Worse still is the advice to "avoid links to web spammers". Dear Google, I would gladly avoid it, really! Moreover, the day when each and every spammer is banned from all existing search engines will be the happiest in my life, and if you need my help to make this day closer, just contact me and tell me what to do. But if you - with all your smartest programmers and bottomless resources - can't neutralise all the variations of spam that exist, are you expecting each and every site owner to be able to detect spammy sites? The majority of common webmasters still think that the word "spam" means unsolicited emails only, and have no idea about SE spam as such. And now you are telling them to avoid linking to web spammers and add "as your own ranking may be affected adversely by those links", thus creating more panic.
We all know that even the most experienced SEOs sometimes fail to detect spam on sites, so skilful have certain spammers become in hiding their tricks. Common webmasters become totally helpless in this situation, sandwiched between Google and the spammers, desperate, lost and abandoned by their friends.
First of all, a totally comprehensive definition of "web spammers" should be given within the guidelines, along with basic advice on how to detect the commonest sorts of spam. "Use Ctrl+A to highlight all content on the page, and certain types of hidden text will become visible. Look at the code of the page to find all other types of hidden text/links: if you see text in the code that doesn't render in your browser, the chances are it is included to deceive the search engines". "Try checking Google's cached version of the page; if it differs significantly from what you see, the site is probably using cloaking". "Too many links at the bottom of a page pointing to other domains indicate that the site is heavily cross-linked with other sites to artificially inflate its link popularity" - these are just a small number of possible explanations Google could be giving to webmasters trying to do everything the right way and to comply with the guidelines.
While asking us to avoid linking to spammy sites, Google might have helped us detect them, instead of making our task harder. For instance, the link: command is now broken and shows only a tiny part of pages that link to a site; according to Google, it's been done to cure us from the backlink obsession, but at the same time it makes it much harder to detect dubious link patterns. We have to use MSN to investigate backlinks, but I can't see Google adding this recommendation to their guidelines. After all, the engines compete with each other.
And why not mark banned sites with a special sign in the toolbar, for those who don't know how to detect banned sites? PR0 is certainly not enough, because it can also mean a new site.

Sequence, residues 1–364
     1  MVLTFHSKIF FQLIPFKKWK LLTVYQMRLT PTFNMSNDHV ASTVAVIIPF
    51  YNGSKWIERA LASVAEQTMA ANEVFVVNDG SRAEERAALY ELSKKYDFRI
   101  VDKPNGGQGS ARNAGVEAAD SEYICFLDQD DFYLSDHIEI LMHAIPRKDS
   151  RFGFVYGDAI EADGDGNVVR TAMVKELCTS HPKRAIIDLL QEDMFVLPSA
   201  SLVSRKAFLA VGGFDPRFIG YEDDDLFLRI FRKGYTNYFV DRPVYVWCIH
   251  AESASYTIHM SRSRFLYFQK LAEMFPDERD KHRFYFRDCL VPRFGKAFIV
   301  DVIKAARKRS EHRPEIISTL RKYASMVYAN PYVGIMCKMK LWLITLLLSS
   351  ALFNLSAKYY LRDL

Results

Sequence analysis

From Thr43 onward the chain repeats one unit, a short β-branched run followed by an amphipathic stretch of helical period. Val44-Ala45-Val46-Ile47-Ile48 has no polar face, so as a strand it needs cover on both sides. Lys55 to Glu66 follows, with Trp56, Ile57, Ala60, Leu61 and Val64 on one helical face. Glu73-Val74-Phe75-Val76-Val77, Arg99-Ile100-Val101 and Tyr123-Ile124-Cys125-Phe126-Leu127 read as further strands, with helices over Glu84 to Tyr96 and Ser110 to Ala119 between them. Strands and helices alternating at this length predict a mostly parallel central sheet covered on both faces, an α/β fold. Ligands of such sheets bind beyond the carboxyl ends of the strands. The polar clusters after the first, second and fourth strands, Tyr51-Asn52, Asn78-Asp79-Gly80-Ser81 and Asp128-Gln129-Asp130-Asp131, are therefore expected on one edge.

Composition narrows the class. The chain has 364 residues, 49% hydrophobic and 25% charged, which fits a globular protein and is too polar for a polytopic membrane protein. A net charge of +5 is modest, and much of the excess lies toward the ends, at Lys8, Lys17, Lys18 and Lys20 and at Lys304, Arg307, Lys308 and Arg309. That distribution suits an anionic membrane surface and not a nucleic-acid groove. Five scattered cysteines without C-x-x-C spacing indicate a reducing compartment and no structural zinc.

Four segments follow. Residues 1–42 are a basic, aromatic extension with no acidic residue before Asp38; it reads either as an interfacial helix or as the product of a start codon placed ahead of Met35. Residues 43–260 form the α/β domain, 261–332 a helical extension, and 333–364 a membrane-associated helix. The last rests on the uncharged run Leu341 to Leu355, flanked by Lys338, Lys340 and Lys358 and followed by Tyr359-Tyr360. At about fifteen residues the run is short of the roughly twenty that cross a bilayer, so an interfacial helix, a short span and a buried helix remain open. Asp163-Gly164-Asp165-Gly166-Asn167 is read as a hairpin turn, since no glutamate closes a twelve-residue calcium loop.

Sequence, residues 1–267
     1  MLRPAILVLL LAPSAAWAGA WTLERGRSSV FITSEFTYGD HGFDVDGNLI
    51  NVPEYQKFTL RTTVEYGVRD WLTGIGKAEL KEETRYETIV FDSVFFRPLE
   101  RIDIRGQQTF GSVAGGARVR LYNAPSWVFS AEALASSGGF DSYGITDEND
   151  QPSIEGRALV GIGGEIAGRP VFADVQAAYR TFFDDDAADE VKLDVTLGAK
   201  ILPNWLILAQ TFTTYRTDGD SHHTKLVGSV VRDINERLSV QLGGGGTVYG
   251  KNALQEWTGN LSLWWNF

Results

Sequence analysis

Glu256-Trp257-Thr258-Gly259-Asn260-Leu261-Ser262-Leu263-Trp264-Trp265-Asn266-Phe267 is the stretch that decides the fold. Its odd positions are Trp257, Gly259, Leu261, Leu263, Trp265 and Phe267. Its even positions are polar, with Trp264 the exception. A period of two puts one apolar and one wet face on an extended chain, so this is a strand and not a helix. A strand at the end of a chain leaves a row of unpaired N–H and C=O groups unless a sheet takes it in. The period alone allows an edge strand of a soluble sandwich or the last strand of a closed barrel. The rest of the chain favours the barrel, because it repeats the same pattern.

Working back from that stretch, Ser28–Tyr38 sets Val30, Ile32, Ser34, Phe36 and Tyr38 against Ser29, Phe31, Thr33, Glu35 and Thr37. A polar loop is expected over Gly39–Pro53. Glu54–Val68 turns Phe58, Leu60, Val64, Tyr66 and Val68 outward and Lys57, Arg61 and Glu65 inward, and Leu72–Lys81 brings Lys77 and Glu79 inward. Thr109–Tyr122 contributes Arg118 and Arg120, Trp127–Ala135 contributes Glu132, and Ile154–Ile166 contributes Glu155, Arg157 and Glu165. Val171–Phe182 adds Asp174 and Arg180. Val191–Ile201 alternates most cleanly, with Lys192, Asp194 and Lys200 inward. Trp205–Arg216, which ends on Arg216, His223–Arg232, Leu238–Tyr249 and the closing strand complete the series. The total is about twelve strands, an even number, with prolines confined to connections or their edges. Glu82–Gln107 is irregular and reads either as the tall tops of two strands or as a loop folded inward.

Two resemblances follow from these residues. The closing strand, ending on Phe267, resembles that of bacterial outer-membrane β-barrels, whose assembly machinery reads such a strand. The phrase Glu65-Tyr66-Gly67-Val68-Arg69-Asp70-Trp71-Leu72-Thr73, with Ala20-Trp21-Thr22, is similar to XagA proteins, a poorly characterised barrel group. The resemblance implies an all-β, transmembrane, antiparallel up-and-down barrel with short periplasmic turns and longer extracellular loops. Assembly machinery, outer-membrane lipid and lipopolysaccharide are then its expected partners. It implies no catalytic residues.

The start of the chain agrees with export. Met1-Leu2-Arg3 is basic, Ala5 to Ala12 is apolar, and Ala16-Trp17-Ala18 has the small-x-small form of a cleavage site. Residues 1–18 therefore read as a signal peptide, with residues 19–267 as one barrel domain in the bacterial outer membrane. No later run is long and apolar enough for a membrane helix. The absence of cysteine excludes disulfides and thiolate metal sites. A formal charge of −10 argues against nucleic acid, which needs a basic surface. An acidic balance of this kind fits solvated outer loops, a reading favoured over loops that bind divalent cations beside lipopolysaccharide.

Nearly all sites that link out are in danger of running into at least one bad neighbourhood sooner or later, for the reasons I described above. If the engines considered it a sufficient reason for a ranking penalty, the only result would be the Net without links (actually, not the Net anymore, but a useless bunch of orphaned sites). Nobody will be interested in it, and so the cases when linking to bad neighbourhoods can cause a penalty should be categorised and described within the guidelines, to avoid unnecessary panic. Is it more than a certain percentage of all outbound links being spammy that causes a penalty? If so, what percentage exactly? How does the fact that the dubious link is placed sitewise change the threshold value? Do the sites get penalised for linking to sites containing well hidden spam? Does the fact that the site is spamming but hasn't yet been caught make it a bad neighbourhood?
I strongly believe that all these questions just need to be answered, and soon, otherwise the best part of the Net will collapse.
While Google and other engines are responsible for keeping their guidelines clear and concise enough to be easily understood and followed, SEO/SEM practitioners are responsible for the ethics in the industry and for industrial guidelines accepted at least by the best part of our professional community. Our industrial guidelines have yet to be written, and if and when they are ready, it is very important that the engines approve of them, which means they should run basically along the same lines as the SE guidelines themselves.
Of course, the spammers will refuse to comply with the industrial guidelines, as they now refuse to obey the engines' guidelines. But it is not a reason not to have industrial guidelines. The time has come for them to appear.
This article is actually my attempt to contribute to our common task. Whether accepted or rejected, I hope the suggestions I have given will at least cause some good brainstorming and, at the end of the day, result in something useful. Because if we don't do the work, nobody will do it for us.
Links in this article:
 Google Webmaster Guidelines: http://www.google.com/intl/en/webmasters/guidelines.html
 the same Google's page: http://www.google.com/intl/en/webmasters/guidelines.html
 The Web Robots FAQ...: http://www.robotstxt.org/wc/faq.html